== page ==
Want a slice of this maple syrup pie? Click here to get the recipe so you can make it today!
I am a little bit of a hoarder. My hoarding has not hit the level of the crazy hoarding featured on those tv shows. Those people have serious problems! Still, I do save a lot of
junk stuff. I often save things for future projects that NEVER see the light of day, like random pieces of tissue paper, ribbons, boxes, empty jars… I have plans for all the random bits and pieces I hoard, transforming à la Pinterest, I just lack time and maybe the motivation. I’m motivated enough to hoard the junk, just not to assemble it into a work of art. I guess I’m terrible at finishing projects.
I also keep little keepsakes to remember an event or mark a moment in time, but I’m not sure that these “little” objects are really necessary for my survival and well-being (like, say, an empty champagne bottle kept from my PhD defense, the paper number tag from when I ran that 21k, my chef’s hat & ID card from my time at Le Cordon Bleu…) . They sit there on the mantle or tucked in a bookcase, collecting dust, and they drive me bonkers when I actually have to clean. I don’t really look at them and they basically blur into the background noise of all the clutter in my apartment. So, when I say I long to drag all my crap out back and light it on fire, I really mean all that “stuff” that I can’t seem to throw because somehow I feel weighed down by the pressure of holding onto them, rather than feeling attached to the memories that they hold.
I am also a recipe hoarder, but I don’t mean just cookbooks: the recipes I hoard are from the backs of cereal boxes, magazines, and even the tops of the cans of maple syrup. Each can of syrup has a different recipe, and since I practically drink maple syrup, I have accumulated a fair share of these lids. How many of these recipes have I tried? Good question. Up until this post, I tried exactly ZERO. See, this is why I am really tempted to rid myself of all this “stuff”. But then that “stuff” turned out really useful when I was craving maple pie and I wasn’t sure where to turn, so I searched through those maple syrup can lid recipes I’d been hoarding. This recipe from the can is super easy: just mix filling ingredients, pour into unbaked pie shell, and bake. The crust is my recipe, made with Stirling Churn 84 butter, and the filling is adapted from the maple syrup can lid. The original recipe called for brown sugar, but I used maple sugar because I didn’t want any other sugar flavours interfering with my beloved maple. If you are looking for a more traditional fall fruit pie that also has lots of maple syrup flavour, try my maple apple pie. Or if you hate making pie dough, you might prefer this maple apple clafoutis recipe.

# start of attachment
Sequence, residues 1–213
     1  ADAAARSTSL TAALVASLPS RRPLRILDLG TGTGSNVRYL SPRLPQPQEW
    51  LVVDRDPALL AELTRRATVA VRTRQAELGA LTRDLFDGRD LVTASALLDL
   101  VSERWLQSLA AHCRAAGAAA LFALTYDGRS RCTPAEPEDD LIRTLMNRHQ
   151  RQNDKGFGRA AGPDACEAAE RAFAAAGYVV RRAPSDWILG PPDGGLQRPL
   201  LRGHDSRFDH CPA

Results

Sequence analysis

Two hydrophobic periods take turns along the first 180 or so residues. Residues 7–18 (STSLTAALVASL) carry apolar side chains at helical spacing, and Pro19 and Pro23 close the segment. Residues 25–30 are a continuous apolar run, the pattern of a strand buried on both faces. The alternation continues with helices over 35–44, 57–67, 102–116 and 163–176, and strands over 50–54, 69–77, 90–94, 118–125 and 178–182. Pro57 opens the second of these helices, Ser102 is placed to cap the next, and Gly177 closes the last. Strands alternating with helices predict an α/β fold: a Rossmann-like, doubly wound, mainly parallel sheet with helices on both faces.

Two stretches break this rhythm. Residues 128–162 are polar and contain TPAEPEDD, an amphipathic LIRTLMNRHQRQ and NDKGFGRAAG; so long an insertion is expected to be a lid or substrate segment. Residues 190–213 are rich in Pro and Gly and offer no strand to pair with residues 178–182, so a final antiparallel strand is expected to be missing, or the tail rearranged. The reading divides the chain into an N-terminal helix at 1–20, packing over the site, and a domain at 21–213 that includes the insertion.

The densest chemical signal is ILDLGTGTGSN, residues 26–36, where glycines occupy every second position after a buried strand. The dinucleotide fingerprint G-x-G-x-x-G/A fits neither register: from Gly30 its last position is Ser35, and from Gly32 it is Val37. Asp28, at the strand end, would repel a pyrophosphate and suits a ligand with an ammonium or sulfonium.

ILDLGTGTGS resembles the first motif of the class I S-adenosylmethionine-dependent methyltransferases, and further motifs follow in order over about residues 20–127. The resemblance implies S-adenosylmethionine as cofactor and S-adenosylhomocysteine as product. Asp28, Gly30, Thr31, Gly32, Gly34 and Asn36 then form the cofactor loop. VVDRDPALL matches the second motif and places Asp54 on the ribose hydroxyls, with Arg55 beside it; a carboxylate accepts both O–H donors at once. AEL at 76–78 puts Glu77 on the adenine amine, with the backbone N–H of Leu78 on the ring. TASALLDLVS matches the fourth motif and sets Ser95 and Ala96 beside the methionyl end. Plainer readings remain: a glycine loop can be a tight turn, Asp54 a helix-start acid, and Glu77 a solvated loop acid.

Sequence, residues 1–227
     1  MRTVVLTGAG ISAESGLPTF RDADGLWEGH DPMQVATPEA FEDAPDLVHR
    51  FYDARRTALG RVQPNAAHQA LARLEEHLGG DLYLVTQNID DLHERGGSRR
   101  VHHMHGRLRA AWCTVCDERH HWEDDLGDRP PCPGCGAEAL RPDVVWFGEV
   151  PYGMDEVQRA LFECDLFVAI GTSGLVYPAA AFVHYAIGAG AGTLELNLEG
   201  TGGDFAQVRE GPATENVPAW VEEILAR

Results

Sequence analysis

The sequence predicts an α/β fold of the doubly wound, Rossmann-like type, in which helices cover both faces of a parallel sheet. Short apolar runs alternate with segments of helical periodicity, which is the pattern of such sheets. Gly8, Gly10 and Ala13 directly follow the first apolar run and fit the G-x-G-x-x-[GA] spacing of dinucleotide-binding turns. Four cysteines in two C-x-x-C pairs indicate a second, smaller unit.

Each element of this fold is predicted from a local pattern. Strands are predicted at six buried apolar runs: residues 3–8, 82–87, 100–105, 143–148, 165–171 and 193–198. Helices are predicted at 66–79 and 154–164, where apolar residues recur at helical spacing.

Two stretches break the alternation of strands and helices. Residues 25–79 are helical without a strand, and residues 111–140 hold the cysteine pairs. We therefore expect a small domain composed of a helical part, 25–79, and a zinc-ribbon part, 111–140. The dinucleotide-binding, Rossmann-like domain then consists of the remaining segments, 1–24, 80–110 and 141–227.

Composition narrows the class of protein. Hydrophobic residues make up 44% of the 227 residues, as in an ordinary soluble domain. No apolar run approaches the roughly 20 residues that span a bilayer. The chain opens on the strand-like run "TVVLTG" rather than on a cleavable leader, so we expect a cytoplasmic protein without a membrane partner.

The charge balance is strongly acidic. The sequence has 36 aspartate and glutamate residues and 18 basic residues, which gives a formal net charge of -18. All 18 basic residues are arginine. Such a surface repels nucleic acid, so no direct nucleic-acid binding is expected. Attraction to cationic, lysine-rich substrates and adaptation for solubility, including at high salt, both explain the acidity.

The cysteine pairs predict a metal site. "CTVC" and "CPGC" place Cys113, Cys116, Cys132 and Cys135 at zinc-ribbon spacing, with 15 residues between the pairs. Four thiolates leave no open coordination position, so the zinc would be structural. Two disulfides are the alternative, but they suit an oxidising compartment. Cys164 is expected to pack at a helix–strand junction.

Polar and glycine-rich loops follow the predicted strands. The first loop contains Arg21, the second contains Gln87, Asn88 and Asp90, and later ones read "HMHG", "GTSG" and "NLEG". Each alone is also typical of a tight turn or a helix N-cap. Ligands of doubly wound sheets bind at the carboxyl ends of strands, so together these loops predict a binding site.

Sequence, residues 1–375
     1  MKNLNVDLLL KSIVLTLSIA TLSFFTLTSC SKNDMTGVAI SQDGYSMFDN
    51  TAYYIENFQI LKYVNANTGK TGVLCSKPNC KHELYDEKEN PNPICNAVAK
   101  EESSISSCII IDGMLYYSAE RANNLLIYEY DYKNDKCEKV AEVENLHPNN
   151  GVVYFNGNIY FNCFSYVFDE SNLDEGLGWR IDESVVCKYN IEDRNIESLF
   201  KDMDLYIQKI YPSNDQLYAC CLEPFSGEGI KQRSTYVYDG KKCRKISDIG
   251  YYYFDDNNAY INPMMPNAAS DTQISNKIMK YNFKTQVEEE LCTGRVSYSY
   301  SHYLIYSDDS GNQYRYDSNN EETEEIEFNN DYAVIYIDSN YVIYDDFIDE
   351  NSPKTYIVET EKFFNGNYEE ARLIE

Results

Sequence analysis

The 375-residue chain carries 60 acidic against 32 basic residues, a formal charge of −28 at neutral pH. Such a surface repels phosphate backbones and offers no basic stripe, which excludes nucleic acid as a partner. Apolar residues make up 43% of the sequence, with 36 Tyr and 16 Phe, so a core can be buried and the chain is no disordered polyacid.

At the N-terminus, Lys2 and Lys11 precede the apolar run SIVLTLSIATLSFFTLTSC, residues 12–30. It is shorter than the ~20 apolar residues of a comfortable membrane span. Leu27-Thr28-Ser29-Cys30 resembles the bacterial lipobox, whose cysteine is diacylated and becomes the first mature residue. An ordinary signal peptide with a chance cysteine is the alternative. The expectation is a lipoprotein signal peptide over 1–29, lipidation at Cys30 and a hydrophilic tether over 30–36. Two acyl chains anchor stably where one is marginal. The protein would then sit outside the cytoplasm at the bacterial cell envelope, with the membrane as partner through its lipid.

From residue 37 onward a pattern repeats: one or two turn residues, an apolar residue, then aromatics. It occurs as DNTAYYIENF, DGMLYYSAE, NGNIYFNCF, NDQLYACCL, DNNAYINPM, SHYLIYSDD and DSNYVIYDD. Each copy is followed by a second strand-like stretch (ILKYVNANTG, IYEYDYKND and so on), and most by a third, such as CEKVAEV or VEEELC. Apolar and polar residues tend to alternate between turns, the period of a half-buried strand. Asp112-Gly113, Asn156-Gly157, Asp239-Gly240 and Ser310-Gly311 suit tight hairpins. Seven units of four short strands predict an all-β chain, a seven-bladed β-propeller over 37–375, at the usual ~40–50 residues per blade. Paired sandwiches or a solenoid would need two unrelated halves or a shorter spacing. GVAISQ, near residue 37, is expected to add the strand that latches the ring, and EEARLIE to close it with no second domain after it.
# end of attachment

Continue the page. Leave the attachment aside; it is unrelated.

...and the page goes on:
This maple pie worked out great, though perhaps next time, I’d blind bake the crust before pouring in the filling. I baked this pie on the bottom rack of my oven, without blind baking the shell first, and it was just cooked on the bottom. Funny, my gut told me to blind bake the crust first, but my head told me to follow the directions as written because who am I to argue with the maple syrup makers of Quebec. Next time, I will do it my way. The filling is like a maple custard that is perfectly set, smooth, and very maple-y. Craving satisfied and hoarding justified all at once. Not bad for a day’s work! And if you find yourself craving even more pie, be sure to check out the pies & tarts category.
Maple syrup pie recipe
Maple syrup pie
A recipe for maple syrup pie, also known as sugar pie or tarte au sucre in Quebec. The texture of the filling is quite similar to a custard pie.
For the crust
- 219 grams all-purpose flour 1 3/4 cups
- 125 grams Stirling Churn 84 salted butter 1/2 block
- 5 tbsp cold water more or less
For the maple filling
- 250 mL maple syrup 1 cup, medium grade
- 100 grams maple sugar 1/2 cup
- 2 large eggs
- 188 mL 2% milk 3/4 cup
In the bowl of a food processor, pulse together the flour and the Stirling Creamery butter until the mixture resembles a fine crumble. Add the water, bit by bit, until a dough forms. Pat the dough into a disk and wrap in plastic wrap. Refrigerate for at least 45 minutes.
Preheat the oven to 375ºF. Roll the dough to 1/8" thick (~14" diameter circle) and transfer to a pie tin (preferably dark metal). Trim and crimp the edges. Chill while you prepare the filling
In a medium bowl, whisk together the syrup, sugar, and eggs, then whisk in the milk.
Pour the filling into the chilled tart shell and bake on the bottom oven rack for approximately 50 minutes (note the filling will still seem very fluid and jiggly, but you will notice some spots where it's beginning to bubble and brown).
Let the pie chill on a wire rack for at least 4 hours, then overnight in the fridge.
I do my best to bake with the finest ingredients. Stirling Creamery, a Canadian company, has provided the butter for this post.